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Stephen Kaplan and his new play “Tracy Jones” are on a roll – actually, a “rolling premiere.”

The production opening on May 18 at Island City Stage in Wilton Manors is the third of three world premiere productions beginning last year in Rochester, N.Y. and Williamston, Mich. 

Rolling World Premieres are a program of the National New Play Network, explained Kaplan in a phone interview from his home in New Jersey. 

“There was this problem where new plays would get their first production and then languish,” the 45-year-old said. “The rolling world premieres were conceived to support new work, new playwrights and theaters that are all doing new work.” 

Three member theaters commit to productions within one year, but there’s a catch – each of the productions is completely independent of the others. 

“Because they don’t share casts or directors, the play and the playwright can evolve,” added Kaplan. “It’s been great for me because I’ve been able to make changes throughout. This is the culmination of everything.” 

The play was workshopped extensively before the premiere, but he took advantage of the opportunities to make the jokes stronger and choreograph the physical comedy. 

“It’s very physical and farcical in nature. There’s a lot of food that flies on stage, for example – it’s a very messy play – so figuring out the logistics was important. The script is very specific,” he said. 

In Kaplan’s story, Tracy Jones is a lonely woman who leads a dull, uneventful life and she's sure it's partly because her name is drab. But, what if she celebrates her name by hosting a party and inviting every woman she can find named Tracy Jones – not just from her hometown, but all over the world? And, what if she hosts it at Jones Street Bar and Grill, the Place for Wings (and Things)?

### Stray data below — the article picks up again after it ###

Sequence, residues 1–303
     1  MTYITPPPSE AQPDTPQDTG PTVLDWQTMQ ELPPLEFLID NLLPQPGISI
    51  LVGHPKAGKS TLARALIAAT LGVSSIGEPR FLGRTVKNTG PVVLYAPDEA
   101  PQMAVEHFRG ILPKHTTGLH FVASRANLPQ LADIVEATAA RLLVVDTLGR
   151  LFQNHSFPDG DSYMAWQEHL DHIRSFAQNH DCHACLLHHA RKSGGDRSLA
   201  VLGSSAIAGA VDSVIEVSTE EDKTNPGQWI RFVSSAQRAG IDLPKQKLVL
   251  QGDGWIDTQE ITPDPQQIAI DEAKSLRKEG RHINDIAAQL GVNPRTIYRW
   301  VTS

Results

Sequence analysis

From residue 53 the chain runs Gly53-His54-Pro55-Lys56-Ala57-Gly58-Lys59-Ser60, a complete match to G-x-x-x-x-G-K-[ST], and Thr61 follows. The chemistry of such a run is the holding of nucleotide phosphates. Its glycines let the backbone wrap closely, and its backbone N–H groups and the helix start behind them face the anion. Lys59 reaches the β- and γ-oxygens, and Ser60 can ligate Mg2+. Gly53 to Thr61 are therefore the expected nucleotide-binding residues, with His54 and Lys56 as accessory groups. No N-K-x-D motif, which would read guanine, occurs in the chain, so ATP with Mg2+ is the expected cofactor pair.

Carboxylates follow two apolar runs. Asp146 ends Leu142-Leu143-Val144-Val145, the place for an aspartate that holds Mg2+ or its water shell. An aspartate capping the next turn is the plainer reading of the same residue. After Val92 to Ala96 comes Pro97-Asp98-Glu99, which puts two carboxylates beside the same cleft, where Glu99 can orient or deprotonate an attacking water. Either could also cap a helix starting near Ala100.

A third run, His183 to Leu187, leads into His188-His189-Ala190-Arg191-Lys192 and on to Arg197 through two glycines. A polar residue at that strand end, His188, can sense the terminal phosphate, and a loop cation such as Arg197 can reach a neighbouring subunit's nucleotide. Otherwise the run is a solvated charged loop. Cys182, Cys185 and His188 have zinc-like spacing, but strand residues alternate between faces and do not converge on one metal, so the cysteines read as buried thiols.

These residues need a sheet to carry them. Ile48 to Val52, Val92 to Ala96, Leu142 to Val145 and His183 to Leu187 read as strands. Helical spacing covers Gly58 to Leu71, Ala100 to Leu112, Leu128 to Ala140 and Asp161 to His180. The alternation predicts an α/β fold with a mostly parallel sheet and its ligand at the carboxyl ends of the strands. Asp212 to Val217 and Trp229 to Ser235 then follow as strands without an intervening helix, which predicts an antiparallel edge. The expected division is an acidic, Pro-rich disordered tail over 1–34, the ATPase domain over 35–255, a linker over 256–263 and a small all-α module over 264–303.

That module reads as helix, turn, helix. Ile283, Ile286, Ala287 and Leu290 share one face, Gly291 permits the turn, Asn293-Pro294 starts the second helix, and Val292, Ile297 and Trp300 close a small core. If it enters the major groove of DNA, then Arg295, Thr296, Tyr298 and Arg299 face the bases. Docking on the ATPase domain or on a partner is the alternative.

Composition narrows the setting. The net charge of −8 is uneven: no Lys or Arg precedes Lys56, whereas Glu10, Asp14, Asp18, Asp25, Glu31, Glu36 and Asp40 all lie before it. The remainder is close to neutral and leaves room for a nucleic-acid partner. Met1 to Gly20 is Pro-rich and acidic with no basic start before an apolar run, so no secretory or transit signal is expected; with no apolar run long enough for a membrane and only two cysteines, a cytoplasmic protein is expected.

The gathering quickly gets messy, even as new bonds are created between four characters all seeking just a little bit of love and personal connection. 

“I always remember Googling my name and wondering about all the Stephen Kaplans in the world,” he said. 

The Los Angeles native grew up in the theater, first as a child performer who turned to playwriting as a teenager. An early work got produced and won awards, setting up a 30-year career “exploring the stories I want to be telling.” 

He always knew this play would be called “Tracy Jones,” and whipped out the script over a few months in 2019, while participating in a writing group. The first production was set for May 2020, but the pandemic emerged, postponing the premiere, but also setting up the opportunity he’s now enjoying. 

“I’m always optimistic, but the pandemic taught us how crucial being together is. I tried doing some of the ‘Zoom theater’ that was going on, but it was a means to an end. It reminded me how much I needed a space for people to come together to experience the same thing at the same time and place,” Kaplan pointed out. 

The theater world has taken notice and two more productions of “Tracy Jones” have already been licensed. 

He concluded, “I feel like people have responded to it in the way that I hoped … my diverse group of characters are all a little damaged, a little lost, all trying to do the right things. Audiences have been finding themselves in these characters, which is my hope with any play.”

Island City Stage, 2304 N. Dixie Hwy. in Wilton Manors, presents the rolling world premiere of Stephen Kaplan’s “Tracy Jones,” May 18 – June 18. Tickets start at $40 at